It’s hard to believe, on the surface, that Martin would sell out a hired recruiting gun unless there was sufficient evidence against him. That said, maybe Martin was given no choice by Napolitano, the former U.S. Homeland Security secretary. A redacted version of the allegations eventually will be released by the university, which said in a statement Monday afternoon: “The recently completed report was shared for the first time with the complainant this afternoon, who has asked that we delay release so that she has time to read its contents. At the same time, the complainant understands that under the California Public Records Act, a redacted version of the report is a public document and that the University will be releasing it in the near future.”

The profession is filled with people like Yann Hufnagel, known as Yanni until recently, a hustler who was cut from his high school team and then started reading John Wooden books so he could continue in coaching. If you wondered how Cal landed Oakland product Rabb and Brown in tandem — Brown is from Georgia, remember — you first must understand Hufnagel’s high energy. This past New Year’s Eve, Martin and Hufnagel landed a commitment from Jemarl Baker, an elite shooting guard in Southern California. Baker’s high school coach, Ryan Silver, told the scouting service “Cuonzo is terrific. Yanni Hufnagel was relentless. They did a great job recruiting him. Jemarl really liked Cuonzo, Yanni and the coaching staff. Cal also has great academics.”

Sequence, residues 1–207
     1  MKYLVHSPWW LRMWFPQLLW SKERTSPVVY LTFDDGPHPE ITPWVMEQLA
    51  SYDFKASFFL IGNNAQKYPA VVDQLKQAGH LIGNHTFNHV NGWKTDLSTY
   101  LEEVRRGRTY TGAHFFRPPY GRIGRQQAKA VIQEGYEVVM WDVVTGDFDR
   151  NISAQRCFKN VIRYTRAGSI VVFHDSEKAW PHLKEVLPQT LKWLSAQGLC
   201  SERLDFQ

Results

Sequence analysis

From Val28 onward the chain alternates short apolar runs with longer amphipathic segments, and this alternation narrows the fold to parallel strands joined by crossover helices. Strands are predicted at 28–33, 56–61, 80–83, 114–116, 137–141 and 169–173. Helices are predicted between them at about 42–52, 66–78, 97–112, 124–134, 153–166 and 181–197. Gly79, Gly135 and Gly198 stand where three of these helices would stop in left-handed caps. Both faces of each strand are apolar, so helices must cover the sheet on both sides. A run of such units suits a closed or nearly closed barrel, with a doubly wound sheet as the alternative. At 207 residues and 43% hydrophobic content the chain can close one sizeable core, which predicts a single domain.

Great academics that should not be compromised by any tolerance of harassment, even a hug. Which made another urgent piece of local sporting news more fascinating. On the day Cal made an important declaration, Stanford made its own: Basketball is underachieving on The Farm. Johnny Dawkins, he of the Mike Krzyzewski tree, was fired after eight seasons because he stopped taking the Cardinal to the promised land where Martin and Hufnagel have taken Cal: the Big Dance, baby. The bosses liked Dawkins’ academic record. They sort of liked his two NIT championships. But he missed the NCAAs for the seventh time, finishing 15-15, and at a place where David Shaw is shooting for national football titles, being average is unacceptable.

Said athletic director Bernard Muir: “There are so many great things that Johnny was able to accomplish, including improving the graduation rate, achieving an Academic Progress Rate of 1000, an NCAA Sweet 16 appearance and two NIT championships. The student-athletes Johnny coached during his tenure at Stanford represented the university with class and humility.”

As did the assistant coaches.

“While I am disappointed that we could not achieve the desired high level results, I leave proud of the tremendous young men who have given their all to the program and I know the future is bright for Stanford basketball,” Dawkins said.

What’s interesting is that Cal longs to be Stanford. For proof, examine football coach Sonny Dykes’ new contract, which allows for a $25,000 bonus if he beats the Cardinal in the Big Game. Now, Cal has the superior basketball program, and with victories over Hawaii and (probably) Maryland, Martin’s team would advance to the hottest of national spotlights next week against the top-seeded Jayhawks.

But in the process, as often happens in Berkeley, a measure of dignity has been lost. For a change, at least the school is reacting instead of standing still.

Jay Mariotti is sports director and lead sports columnist at the San Francisco Examiner. He can be reached at Read his website at